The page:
Many books have been written regarding questions that can be used for interviewing purposes. There are several types of interviewing questions used by companies today: behavioral, situational, competency-based, problem-solving, and a few others. Some companies even use brainteaser questions to see if the candidate can be creative. For the purpose of this blog, we will leave it to the specialists in your field to suggest which specific interview questions you should ask.
With many interview questions available, it is important to focus on those that will make the biggest impact on your team and organization. To do this, you will need to be organized and strategic with your approach to questioning. Spend time developing interview questions that will give insight into how a potential candidate will perform on the job. This is essential, and you would be surprised how many managers just “wing it.” This lack of preparation causes the interview to mainly be a “get to know” you session. Unfortunately, without appropriate questions the manager is forced to base their hiring decision on their “gut reaction.” Interview preparation may be the biggest secret to a successful hire, and yet, it is not prioritized by most hiring managers.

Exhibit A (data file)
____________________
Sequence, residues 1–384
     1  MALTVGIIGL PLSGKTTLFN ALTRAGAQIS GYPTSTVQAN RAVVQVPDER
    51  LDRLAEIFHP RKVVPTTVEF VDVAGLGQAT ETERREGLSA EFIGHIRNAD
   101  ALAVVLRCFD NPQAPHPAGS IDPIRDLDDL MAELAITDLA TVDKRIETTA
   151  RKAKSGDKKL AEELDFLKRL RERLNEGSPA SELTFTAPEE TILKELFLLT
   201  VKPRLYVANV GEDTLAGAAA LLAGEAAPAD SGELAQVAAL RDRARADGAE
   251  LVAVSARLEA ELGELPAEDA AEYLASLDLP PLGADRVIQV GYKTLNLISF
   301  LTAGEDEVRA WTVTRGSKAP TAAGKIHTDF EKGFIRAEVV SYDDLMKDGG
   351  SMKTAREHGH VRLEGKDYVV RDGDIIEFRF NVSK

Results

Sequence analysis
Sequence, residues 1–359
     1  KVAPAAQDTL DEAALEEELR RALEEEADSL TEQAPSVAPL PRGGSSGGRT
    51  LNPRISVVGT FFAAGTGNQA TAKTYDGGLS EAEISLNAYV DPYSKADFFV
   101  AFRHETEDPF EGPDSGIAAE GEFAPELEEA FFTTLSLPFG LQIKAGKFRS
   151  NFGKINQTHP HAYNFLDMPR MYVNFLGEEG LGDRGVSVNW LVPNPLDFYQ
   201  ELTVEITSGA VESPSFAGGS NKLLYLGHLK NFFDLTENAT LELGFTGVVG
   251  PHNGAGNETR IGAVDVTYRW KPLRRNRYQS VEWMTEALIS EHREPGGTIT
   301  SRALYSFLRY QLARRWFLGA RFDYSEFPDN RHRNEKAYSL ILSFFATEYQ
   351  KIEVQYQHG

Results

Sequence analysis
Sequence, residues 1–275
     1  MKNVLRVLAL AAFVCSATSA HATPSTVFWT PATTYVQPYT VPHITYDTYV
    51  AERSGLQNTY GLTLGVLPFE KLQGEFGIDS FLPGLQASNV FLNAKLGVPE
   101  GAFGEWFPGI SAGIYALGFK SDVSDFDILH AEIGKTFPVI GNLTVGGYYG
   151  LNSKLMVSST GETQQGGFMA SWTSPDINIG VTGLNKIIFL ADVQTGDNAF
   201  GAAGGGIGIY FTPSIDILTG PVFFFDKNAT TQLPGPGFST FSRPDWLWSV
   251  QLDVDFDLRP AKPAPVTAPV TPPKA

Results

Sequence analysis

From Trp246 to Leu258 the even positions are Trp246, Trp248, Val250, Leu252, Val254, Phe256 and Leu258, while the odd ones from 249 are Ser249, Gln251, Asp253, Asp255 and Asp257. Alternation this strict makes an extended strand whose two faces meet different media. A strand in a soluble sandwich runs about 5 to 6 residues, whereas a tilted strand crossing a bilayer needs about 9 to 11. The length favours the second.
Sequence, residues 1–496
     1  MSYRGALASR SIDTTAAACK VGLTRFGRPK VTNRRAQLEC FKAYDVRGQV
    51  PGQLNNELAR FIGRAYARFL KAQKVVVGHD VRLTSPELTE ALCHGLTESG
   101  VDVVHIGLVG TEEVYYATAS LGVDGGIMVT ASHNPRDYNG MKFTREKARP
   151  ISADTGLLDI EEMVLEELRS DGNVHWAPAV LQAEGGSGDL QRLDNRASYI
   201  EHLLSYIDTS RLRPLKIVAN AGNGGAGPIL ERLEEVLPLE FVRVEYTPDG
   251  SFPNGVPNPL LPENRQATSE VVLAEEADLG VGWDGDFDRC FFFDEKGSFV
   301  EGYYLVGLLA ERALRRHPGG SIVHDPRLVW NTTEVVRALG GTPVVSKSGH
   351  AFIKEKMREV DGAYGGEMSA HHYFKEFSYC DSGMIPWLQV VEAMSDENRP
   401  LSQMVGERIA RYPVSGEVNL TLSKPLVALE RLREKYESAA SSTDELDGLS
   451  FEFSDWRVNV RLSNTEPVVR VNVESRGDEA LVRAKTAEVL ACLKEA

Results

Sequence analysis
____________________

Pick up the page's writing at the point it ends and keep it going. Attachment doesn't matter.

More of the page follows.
When you develop specific questions that are well thought out, you have a foundation for your hiring decision. Also, when the same questions are asked of all candidates, it levels the playing field and will give you a better view of which candidates truly stand out. This makes the selection process much easier. You wouldn’t marry an individual without asking them quite a few questions while you are dating. The same goes for hiring. Don’t hire anyone without a thorough interview process.
You will benefit from creating a bank of questions that you can use for specific positions. One size does not fit all, but these questions will help you organize as much as 75% of your interview format; the rest must be individualized to that specific job. In the medical sales world, in which we specialize, we attempt to ask questions that will ultimately determine if the candidate can sell. For years, we have successfully identified top talent based upon a candidate’s background, their career preparation, and their past experience. Technical questions based upon a candidate’s competency, such as “How would you approach this…?” are highly appropriate. Again, an open-ended question is always preferred so you can assess a candidate’s thoughtful response.
An excerpt from HIRE with FIRE: The Relationship-Driven Interview and Hiring Method written by Denise and Randy Wilkerson. For more information and tips on How to Hire An Employee , How to Hire the Right Person and examples of how to develop interview questions, read “HIRE with FIRE.”